mathematics instruction typically based on ability level. The students were also divided
into groups for other activities such as social skills, vocational skills, and activities of
daily living. Most groups consisted of approximately six students with one teacher and
one paraprofessional. (N.T. 417-19, 446, 643-44, 647-48)

84. The students in the life skills classroom generally had breakfast upon arrival, then a
morning meeting followed by reading and mathematics instruction. The students would
leave the classroom for special or elective classes then have lunch in the cafeteria.
Afternoons consisted of social skills, vocational skills, and activities of daily living until
the end of the school day. (N.T. 420-21, 423, 425, 448-49, 522, 643-44)

85. Reading instruction was focused on comprehension including strategies to aid in
understanding the text. (N.T. 648, 686)

86. Mathematics instruction was focused on functional skills. (N.T. 688)

87. Students in the life skills classroom moved to different parts of the school building for
specials and electives and occasionally academic classes. (N.T. 326-27)

88. Students in the life skills classroom worked on organizational skills such as filing papers.
(N.T. 428, 644-45)

89. The life skills classroom used a class-wide behavior plan where the students could earn
rewards for exhibiting positive behavior. Students who exhibited frequent problematic
behavior were not permitted to participate in rewards. Student did not exhibit behaviors
at school that required additional behavioral intervention. (N.T. 424-25)

90. Student was social with peers at school both in and outside of the life skills classroom.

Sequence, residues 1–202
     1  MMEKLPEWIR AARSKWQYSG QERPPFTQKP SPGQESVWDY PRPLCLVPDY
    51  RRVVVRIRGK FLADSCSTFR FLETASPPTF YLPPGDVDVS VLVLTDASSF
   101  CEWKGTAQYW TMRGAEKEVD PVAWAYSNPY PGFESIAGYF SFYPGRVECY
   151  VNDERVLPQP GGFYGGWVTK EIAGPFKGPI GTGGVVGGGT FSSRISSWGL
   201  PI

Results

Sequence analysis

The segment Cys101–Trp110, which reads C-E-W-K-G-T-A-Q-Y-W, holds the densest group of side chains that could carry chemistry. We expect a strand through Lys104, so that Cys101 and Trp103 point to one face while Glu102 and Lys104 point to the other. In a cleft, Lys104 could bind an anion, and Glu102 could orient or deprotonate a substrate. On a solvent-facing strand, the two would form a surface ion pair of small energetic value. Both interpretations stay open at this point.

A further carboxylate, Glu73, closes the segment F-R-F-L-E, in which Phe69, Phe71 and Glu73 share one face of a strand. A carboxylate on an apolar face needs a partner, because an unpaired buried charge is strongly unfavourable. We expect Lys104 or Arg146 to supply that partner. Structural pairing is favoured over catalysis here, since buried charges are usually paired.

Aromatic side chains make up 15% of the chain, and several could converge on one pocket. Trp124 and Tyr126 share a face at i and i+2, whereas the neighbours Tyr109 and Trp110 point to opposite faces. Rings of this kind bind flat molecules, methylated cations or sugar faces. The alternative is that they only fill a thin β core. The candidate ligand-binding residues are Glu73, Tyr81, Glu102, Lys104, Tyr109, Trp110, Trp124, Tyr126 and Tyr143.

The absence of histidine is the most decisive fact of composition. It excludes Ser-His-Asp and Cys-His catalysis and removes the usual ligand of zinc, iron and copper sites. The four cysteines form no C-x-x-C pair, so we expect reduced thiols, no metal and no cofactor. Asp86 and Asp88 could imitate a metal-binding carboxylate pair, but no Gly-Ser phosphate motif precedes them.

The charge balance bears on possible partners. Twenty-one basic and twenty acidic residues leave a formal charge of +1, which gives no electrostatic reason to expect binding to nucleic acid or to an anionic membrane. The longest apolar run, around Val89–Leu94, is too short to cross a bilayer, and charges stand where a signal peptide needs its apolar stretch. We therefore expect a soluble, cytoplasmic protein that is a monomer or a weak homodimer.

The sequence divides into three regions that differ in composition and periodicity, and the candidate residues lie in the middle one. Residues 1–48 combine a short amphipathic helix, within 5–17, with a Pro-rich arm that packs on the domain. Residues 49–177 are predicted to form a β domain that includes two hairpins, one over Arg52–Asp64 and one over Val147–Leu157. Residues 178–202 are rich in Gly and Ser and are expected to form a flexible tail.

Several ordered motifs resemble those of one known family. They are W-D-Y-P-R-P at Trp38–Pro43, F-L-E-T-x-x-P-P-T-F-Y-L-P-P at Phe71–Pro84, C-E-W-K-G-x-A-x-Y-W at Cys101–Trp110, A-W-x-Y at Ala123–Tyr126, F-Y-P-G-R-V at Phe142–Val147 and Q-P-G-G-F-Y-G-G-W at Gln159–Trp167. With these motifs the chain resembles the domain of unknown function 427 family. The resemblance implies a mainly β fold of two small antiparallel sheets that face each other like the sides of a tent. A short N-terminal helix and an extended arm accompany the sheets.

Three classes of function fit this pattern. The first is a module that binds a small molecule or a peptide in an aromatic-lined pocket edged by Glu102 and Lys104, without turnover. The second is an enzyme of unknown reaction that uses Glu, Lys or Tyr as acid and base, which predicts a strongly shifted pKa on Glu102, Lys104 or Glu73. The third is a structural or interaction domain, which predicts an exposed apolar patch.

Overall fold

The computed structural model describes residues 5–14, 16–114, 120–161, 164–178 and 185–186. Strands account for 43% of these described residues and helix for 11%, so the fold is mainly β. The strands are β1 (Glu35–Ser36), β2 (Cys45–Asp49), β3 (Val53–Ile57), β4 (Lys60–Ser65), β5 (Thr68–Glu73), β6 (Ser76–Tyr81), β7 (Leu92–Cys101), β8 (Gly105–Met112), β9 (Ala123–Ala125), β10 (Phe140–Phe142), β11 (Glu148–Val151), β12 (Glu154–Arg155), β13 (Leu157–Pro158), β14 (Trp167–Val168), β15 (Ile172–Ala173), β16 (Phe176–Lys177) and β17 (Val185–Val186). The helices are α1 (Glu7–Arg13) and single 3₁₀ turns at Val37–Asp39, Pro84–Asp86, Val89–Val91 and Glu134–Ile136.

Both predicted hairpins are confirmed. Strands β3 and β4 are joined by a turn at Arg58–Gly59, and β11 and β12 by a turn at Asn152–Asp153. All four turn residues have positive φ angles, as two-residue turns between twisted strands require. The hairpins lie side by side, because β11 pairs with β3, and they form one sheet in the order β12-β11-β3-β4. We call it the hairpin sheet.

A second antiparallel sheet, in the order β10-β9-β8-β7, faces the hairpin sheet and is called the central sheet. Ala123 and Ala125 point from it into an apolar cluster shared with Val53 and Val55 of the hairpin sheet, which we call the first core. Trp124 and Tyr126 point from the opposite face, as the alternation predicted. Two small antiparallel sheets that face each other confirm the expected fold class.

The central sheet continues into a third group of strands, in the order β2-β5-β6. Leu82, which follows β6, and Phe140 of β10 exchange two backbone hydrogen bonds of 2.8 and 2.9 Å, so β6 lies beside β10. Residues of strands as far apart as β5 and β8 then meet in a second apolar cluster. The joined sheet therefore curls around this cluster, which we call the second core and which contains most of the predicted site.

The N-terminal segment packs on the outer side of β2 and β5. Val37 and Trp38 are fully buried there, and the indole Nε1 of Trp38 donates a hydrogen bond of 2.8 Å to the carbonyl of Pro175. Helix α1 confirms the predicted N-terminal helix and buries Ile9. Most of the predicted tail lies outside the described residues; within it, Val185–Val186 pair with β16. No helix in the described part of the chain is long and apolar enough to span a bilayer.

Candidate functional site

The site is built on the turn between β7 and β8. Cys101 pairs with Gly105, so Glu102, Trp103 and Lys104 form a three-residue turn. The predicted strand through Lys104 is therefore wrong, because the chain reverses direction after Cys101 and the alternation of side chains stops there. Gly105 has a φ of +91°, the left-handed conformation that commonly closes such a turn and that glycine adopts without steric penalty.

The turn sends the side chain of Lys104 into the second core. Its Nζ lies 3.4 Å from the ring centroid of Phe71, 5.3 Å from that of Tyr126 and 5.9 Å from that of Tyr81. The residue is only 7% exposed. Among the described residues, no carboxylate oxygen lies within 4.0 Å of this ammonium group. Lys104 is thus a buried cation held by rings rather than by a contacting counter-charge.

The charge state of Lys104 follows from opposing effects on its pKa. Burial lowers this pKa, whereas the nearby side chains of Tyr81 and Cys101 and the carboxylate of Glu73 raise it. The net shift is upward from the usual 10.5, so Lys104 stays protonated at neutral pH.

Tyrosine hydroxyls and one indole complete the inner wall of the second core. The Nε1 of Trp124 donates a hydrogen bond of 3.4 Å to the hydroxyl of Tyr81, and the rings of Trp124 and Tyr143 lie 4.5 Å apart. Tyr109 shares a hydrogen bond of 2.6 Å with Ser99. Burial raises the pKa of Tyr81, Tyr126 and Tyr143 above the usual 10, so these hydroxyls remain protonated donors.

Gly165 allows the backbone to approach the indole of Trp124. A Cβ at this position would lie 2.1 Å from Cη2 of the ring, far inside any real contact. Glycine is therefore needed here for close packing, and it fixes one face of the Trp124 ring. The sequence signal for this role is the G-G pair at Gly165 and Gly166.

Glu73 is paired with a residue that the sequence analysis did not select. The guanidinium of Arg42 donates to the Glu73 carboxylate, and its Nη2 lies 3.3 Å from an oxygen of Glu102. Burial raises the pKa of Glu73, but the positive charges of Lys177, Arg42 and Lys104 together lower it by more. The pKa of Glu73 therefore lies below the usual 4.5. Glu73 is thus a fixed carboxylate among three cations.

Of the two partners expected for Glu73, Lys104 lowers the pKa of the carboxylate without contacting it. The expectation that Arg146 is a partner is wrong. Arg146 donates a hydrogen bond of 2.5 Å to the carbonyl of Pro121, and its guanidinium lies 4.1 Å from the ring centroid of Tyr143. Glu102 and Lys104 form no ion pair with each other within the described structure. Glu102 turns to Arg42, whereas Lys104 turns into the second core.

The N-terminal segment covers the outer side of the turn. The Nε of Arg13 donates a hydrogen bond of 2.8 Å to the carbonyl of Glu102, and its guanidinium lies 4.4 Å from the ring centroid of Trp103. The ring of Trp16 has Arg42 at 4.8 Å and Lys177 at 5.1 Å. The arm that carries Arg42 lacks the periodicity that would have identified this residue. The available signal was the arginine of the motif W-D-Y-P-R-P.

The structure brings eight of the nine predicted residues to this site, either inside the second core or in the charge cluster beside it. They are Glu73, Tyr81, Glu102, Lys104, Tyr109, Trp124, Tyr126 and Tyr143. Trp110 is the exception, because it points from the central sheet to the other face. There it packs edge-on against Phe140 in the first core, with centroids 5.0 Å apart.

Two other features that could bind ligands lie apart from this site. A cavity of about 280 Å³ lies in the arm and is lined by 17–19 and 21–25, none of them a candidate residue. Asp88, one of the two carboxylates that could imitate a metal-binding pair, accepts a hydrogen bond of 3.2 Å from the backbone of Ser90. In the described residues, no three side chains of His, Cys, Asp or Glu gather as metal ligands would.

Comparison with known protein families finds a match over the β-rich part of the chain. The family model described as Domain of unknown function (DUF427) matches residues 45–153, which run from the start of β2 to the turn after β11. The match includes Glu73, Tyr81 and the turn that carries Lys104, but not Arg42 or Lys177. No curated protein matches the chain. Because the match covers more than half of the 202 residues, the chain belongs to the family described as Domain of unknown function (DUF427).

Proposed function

Student was able to communicate with others at school, but did have difficulty
maintaining conversations. (N.T. 419-20, 426, 447, 449, 556, 720)

91. The life skills class participated in pre-vocational activities in the community, including
at a public library, a supermarket, and a local resort. Those activities occurred once or
twice per week. (N.T. 301-07, 351-57, 726-27)

92. Vocational skills include pre-organizing and completing tasks, and cooperating with a group. Vocational skills also  include social skills, functional academic skills, and activities of daily living. (N.T. 213,
218-19, 749-56, 762-63)

93. When students develop pre-vocational and vocational skills in multiple environments,
they are better able to transfer and generalize those skills to new situations such as a new
work setting. (N.T. 756-57)

ADULT TRAINING FACILITY

94. Student attended the ATF, operated by a behavioral health organization, beginning in the
fall of 2013. There, participants work on pre-vocational skills and participate in
community activities. Community integration is a major focus of the ATF program
Student attended. (N.T. 212-13, 235; S-29)

95. The District provides transportation to and from the facility for students who attend.
After a morning meeting, the adults engage in pre-vocational activities in small groups
until a break for lunch, which the adults assist in serving and cleanup. Activities that
might be vocational or recreational, in the facility or out in the community, then follow
for the afternoon again in small groups. (N.T. 225-27, 245-46, 340, 384)

96. The ATF begins planning for an adult the most independence possible and identifying necessary steps toward that goal. (N.T.238)